Open access (II)
So I welcome the development of open access publishing, as part of a mixed economy. Many of its supporters, however, go further. They argue that open access is a superior form of publishing – even that we would be better off if open access publishing became the system.
There is a strong ethical tone to the debate around open access publishing, as if open access = good and traditional = bad. I sympathise with one aspect of the ethical claim for open access: that is, if authors wish to make their texts freely available (and hence more accessible to the less well-off), and they possess the resources to make that happen, that seems to be commendable.
Beyond that, however, I question the ethical argument for open access. I suspect that, not for the first time, the word ‘free’ is proving infectious – so the fact that open access is free to the reader somehow creates aura, as it such publishing is free, full stop. But, of course, there is no such thing as a free publication. Publication always requires resources, involving some combination of time and money.
One can try to cut corners – for example, doing proof-reading or indexing oneself, rather than paying specialists. But that tends to produce an inferior product – and in any case has a cost, at least in terms of time. In the case of academics, the real cost of this time may be very high – not merely because of salary costs, but also because of the opportunity cost: time devoted to publishing is time taken away from other valuable activities such as research and teaching. Though such costs might not appear on any financial accounts, they are nonetheless real.
I think everyone accepts that, in any case, there is always some financial outlay required. If the reader does not pay, who does? The usual answer is the author (or the author’s sponsors). This is where the ethical argument seems to me particularly shaky. I often encounter authors who complain that they don’t earn enough from their publications. I don’t encounter any who tell me they would like to be out-of-pocket . There may of course be pragmatic reasons why some authors may choose to foot the bill for a publication – I just can’t see anything ethical about requiring them to. The risk is that in protecting less well-off readers, we end up penalising less well-off authors.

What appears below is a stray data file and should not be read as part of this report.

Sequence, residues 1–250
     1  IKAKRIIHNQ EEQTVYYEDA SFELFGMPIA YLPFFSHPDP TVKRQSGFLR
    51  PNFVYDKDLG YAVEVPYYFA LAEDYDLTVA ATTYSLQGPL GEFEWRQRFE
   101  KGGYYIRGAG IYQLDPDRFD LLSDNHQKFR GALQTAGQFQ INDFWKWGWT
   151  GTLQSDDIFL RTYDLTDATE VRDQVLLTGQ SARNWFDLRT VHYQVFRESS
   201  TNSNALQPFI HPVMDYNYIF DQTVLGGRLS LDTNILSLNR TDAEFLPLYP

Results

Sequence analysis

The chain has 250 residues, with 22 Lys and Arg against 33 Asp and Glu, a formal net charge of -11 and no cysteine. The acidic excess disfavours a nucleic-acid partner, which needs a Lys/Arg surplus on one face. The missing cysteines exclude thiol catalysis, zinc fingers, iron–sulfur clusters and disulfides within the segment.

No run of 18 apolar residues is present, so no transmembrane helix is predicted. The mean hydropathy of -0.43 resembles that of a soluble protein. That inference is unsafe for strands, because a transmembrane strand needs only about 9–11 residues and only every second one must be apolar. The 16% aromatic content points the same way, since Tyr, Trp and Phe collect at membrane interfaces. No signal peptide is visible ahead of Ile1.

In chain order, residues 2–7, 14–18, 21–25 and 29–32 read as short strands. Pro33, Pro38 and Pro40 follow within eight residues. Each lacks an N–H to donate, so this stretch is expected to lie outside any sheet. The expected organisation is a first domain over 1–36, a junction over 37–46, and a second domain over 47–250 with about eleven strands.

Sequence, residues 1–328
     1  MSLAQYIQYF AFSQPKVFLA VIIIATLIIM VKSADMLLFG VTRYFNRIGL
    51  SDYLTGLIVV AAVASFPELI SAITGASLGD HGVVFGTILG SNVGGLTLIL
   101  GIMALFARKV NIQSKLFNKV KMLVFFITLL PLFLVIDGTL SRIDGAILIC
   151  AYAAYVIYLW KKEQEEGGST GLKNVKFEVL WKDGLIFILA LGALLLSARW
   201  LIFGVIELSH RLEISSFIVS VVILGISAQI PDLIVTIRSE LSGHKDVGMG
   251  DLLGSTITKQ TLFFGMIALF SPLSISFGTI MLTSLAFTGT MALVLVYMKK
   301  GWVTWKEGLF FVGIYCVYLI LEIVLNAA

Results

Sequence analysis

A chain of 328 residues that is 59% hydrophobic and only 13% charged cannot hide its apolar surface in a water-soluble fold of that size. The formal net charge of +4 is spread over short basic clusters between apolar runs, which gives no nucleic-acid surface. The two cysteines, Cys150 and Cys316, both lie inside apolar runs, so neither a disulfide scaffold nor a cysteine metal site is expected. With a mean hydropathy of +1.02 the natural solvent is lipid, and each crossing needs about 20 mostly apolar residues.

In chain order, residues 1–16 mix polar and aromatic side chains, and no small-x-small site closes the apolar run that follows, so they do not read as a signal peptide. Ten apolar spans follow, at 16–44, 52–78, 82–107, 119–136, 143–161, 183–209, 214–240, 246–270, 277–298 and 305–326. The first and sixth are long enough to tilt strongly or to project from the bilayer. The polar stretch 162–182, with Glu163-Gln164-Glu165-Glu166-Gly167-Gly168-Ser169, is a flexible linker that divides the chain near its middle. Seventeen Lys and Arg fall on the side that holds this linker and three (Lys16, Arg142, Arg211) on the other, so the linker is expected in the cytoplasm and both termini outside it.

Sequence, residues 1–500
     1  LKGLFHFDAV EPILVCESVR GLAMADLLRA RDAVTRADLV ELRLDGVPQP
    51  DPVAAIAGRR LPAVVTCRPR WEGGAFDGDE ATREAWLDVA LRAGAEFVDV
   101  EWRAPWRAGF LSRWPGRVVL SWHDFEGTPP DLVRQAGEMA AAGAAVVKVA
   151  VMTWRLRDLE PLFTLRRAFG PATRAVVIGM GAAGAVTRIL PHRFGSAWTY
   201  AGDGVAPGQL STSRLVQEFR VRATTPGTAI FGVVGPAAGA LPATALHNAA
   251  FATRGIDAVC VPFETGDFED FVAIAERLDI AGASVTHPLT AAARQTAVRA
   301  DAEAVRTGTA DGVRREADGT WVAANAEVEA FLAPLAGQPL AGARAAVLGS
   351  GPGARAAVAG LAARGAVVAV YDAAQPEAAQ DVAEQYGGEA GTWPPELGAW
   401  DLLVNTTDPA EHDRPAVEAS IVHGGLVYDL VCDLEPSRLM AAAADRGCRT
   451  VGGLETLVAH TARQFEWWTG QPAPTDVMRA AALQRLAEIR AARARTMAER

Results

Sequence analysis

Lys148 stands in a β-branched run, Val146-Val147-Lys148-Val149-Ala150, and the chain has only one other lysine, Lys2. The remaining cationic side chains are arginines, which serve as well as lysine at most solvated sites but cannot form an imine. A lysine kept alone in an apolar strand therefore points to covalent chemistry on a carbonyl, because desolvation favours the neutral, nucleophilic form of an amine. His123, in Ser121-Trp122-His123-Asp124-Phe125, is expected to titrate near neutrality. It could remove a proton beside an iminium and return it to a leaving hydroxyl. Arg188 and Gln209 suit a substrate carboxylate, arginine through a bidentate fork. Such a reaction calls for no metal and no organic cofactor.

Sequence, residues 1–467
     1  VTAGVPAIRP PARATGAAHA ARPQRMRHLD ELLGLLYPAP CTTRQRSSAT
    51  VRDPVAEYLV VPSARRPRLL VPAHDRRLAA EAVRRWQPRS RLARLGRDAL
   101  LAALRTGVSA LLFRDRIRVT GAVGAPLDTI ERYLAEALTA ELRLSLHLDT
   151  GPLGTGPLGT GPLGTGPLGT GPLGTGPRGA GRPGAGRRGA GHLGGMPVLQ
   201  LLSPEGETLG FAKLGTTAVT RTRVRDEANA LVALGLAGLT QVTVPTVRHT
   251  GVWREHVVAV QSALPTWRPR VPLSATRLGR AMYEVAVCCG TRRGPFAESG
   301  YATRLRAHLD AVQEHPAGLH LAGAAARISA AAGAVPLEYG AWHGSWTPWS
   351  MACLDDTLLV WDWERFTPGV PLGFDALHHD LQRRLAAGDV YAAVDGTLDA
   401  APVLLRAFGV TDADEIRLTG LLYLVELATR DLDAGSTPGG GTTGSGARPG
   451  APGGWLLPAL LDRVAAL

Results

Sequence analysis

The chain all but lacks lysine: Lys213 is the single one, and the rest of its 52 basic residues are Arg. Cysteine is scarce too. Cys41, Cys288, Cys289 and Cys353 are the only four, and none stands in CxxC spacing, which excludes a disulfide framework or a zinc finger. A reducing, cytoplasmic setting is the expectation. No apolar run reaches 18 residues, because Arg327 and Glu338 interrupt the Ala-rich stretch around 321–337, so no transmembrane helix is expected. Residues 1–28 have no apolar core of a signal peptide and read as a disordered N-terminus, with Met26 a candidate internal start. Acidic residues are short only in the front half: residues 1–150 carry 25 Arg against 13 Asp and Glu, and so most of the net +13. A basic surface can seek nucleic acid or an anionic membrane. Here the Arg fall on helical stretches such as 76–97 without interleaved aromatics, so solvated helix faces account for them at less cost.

Similarly there may be pragmatic reasons why an author’s sponsors – an employer, say, or research funder – may wish to pay for publication. But why would this be ethically superior? It would, after all, make less money available for other purposes, such as funding research.
In summary, replacing traditional publishing with open access publishing seems to me to transfer costs – and the grounds for doing that, where appropriate, would seem to be pragmatic, rather than ethical.
I suspect, though, that an argument such as this isn’t going to change anyone’s view. And that is because I suspect that the real ethical appeal of open access lies elsewhere. But I’ll leave that for the next post. In the meantime, if your hackles have been rising and you feel I’m not seeing things straight, do please let me have your comments. After all, I plan an open access programme myself – so I’m rather keen to ensure I know what’s what.